Invasive ? plant lists

Diane Whitehead
Wed, 03 Sep 2008 18:47:01 PDT
> On 3-Sep-08, at 3:28 PM, William Aley wrote:
>> . Is there any model or
>> method that will predict when a plant species, introduced as a
>> horticultural interest  will convert to becoming the next ecological
>> invasive disaster?

Why do plants become invasive?  And if they do, does it harm the  

Our noxious weed lists until recently were concerned with field weeds,  
often ones that are poisonous to farm animals. Many were imported  
accidentally.  I saw European weeds in one area of South Africa that  
had been present as seeds in the hay brought in to feed the cavalry  
horses during a war.  There were prairie weeds growing here at the  
terminus of the railroad bringing boxcars full of wheat.

Some are colonizers of disturbed ground -like alders that spring up in  
a clearing and, with their nitrogen-fixing root nodules, enrich the  
soil for the slower-growing trees that follow them.  If the area is  
not disturbed again, a natural progression to a climax forest will  

Some ground always remains disturbed, and so we have roadside weeds,  
like California poppies.  A plus, I think.

Some plants are perfectly suited to an area and thrive there, even  
when the gardener would rather be growing something else.  These  
invasives are often native plants - almost every plant I battle in my  
garden is a native. Well, I  have to admit there is one import:  a  
purple leaved violet that people blame incorrectly on Labrador.

So, let's look at sweet shy violets. Violets can spread, even if you  
pick off all the spring flowers before they make seeds, because the  
plants have sneaky little flowers in midsummer that don't open, but  
still produce seeds.  I know gardeners who won't allow a violet in  
their garden.  Would violets be a suitable plant to ban from  
importation?  But, from what I have experienced, there are two kinds  
of violets:  the ones that spread, and the ones that are impossible to  
grow.  There don't seem to be many in the middle.  However, even the  
ones that spread don't seem to cause trouble.  The whole plant is very  
nutritious, and deer browse them in midwinter.  Considering how many  
deer we now have, this is probably not advantageous, but I guess it is  
better to have healthy deer than malnourished ones.

Why have other plants become invasive?

  Many of the ones here have berries that attract birds. Garden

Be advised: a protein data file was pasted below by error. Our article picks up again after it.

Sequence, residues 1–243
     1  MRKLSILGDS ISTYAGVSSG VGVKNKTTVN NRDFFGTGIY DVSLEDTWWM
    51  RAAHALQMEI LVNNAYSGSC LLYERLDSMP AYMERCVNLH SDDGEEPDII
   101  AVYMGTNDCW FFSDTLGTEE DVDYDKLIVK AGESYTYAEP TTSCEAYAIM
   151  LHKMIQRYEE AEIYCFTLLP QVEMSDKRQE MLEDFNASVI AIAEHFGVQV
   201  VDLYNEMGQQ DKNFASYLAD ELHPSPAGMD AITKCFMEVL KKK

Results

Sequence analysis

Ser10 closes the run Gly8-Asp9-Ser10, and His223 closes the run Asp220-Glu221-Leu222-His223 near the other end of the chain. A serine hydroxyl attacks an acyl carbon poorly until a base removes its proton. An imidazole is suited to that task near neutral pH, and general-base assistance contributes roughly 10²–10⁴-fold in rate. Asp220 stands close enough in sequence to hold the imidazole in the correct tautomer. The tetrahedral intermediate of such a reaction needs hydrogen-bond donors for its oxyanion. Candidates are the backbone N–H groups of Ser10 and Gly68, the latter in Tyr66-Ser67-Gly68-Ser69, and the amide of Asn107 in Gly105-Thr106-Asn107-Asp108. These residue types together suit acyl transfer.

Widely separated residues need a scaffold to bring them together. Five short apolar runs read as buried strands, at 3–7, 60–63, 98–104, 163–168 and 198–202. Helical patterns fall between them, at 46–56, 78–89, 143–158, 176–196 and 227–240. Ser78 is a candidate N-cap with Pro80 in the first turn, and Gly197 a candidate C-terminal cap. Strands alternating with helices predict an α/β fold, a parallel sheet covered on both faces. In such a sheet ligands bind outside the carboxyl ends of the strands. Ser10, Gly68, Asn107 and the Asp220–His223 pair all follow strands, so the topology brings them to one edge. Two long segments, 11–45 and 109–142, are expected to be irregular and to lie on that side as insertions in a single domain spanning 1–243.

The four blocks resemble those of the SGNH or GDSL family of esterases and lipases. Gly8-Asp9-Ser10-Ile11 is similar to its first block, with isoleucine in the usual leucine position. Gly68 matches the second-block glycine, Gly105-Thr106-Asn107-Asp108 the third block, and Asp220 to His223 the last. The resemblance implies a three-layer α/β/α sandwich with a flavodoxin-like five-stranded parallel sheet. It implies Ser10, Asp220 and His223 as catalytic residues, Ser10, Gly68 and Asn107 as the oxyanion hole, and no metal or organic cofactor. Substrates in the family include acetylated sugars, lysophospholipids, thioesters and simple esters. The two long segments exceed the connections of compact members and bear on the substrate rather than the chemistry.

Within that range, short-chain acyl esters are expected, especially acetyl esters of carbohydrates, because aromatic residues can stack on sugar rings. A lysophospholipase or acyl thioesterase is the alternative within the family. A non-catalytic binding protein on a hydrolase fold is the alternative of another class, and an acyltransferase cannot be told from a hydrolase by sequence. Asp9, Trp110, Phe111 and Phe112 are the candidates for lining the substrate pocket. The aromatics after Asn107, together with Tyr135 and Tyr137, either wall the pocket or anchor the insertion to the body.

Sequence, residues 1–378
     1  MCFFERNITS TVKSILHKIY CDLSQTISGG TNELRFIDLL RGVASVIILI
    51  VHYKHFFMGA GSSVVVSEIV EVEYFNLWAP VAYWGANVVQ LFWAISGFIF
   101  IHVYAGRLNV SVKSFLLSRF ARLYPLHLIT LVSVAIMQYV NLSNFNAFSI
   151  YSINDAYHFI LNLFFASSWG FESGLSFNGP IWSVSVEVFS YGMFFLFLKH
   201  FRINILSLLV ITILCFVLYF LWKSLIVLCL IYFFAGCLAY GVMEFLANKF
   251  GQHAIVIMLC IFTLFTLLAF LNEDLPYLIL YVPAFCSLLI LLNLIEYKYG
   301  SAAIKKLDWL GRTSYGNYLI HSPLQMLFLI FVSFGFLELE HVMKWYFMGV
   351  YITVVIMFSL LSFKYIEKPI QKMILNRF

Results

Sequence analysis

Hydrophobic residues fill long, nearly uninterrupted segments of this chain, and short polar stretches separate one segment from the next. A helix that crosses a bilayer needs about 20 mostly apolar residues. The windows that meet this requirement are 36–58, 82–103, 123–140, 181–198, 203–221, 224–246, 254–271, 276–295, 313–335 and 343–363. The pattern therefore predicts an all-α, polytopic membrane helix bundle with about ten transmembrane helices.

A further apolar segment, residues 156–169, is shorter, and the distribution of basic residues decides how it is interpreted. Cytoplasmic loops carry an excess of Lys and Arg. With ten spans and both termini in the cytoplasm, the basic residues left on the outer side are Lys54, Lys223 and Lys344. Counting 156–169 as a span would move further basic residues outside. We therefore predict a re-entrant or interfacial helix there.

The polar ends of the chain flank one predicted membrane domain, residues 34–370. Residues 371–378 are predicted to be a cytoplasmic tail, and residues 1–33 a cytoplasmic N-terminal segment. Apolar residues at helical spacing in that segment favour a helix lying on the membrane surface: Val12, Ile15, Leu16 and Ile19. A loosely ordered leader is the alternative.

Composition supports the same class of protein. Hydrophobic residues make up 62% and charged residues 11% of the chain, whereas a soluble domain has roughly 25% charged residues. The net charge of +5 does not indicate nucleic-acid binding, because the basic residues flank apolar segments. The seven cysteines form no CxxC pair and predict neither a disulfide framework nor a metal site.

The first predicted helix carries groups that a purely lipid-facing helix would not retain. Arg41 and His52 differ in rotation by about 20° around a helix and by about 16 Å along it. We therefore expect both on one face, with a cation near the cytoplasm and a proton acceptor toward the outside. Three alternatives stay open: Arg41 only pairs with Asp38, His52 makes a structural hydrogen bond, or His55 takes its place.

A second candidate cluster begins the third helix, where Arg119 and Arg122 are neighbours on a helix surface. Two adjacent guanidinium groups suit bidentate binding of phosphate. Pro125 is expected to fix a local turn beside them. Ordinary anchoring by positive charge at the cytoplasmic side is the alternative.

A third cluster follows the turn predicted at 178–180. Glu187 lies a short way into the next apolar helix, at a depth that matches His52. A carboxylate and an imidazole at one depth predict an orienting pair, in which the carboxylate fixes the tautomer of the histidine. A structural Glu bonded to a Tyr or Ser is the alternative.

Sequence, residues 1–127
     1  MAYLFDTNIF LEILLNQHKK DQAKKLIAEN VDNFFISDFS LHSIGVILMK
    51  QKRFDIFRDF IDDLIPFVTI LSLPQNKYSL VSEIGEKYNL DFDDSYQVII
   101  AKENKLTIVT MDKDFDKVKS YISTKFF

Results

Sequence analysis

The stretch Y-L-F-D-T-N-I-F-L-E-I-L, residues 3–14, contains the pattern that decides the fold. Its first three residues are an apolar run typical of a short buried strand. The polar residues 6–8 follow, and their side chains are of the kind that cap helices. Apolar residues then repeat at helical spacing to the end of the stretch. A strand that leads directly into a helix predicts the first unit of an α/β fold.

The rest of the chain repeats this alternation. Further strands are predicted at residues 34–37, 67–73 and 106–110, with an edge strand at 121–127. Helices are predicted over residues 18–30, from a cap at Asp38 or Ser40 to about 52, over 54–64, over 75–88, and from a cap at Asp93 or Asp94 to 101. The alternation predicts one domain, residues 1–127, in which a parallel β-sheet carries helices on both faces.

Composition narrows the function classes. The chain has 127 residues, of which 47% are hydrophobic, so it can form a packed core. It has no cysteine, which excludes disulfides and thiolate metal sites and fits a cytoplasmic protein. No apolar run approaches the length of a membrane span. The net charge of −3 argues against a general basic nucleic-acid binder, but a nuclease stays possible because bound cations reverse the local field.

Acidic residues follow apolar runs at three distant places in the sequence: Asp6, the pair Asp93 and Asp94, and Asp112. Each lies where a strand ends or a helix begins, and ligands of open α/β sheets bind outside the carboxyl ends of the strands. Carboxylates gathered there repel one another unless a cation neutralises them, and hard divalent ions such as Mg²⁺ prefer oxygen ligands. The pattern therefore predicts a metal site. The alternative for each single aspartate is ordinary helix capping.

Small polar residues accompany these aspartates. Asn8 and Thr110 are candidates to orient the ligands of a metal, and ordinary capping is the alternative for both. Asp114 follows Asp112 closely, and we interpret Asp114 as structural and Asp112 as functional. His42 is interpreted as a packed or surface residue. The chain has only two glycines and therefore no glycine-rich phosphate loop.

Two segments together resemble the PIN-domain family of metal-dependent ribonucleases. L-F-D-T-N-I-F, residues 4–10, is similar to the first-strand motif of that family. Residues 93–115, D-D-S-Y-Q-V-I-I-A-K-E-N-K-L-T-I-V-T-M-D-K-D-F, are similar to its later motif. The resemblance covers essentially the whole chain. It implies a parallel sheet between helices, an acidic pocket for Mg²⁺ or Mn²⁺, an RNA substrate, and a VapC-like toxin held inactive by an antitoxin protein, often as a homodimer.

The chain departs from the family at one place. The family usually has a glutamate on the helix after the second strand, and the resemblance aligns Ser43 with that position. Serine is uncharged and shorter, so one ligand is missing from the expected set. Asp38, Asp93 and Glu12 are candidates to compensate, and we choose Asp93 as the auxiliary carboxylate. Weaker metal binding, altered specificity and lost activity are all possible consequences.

magazines would point out which berries would not be eaten, so that  
they would decorate the garden for a long time.  Nature magazines, on  
the other hand, would encourage us to plant berrying shrubs, vines and  
trees to feed the birds. It is only recently that there have been  
complaints because  birds fly into the woods, perch on a branch, and  
excrete the berry seeds.

But would the presence of berries be enough to produce a potential  
invasive?  Holly farms here have been shipping Christmas holly East  
for a century and many gardens include holly trees. Birds eat the  
berries, and so we have holly trees growing in our forests.  They  
don't seem to do any harm - the ones I see are usually not as big as  
the native understory shrubs, all of which have spreading roots and  
form huge colonies.  The woodland hollies I've seen never have berries  
because male and female holly trees never seem to get together, and  
our woods are too shady for holly flowers anyway.

One berrying plant that can cause problems is ivy, which can cover  
large areas of ground, and grow vigorously to the tops of trees.     
Maybe the important thing to notice here is that it is a vine with  
berries that are spread by birds, and so has two methods of invading.

Quite a few plants of current concern are ones that grow in or at the  
edge of water.  Maybe that could be a warning sign for potential  
harmful invasiveness.

Diane Whitehead
Victoria, British Columbia, Canada
maritime zone 8, cool Mediterranean climate
mild rainy winters, mild dry summers


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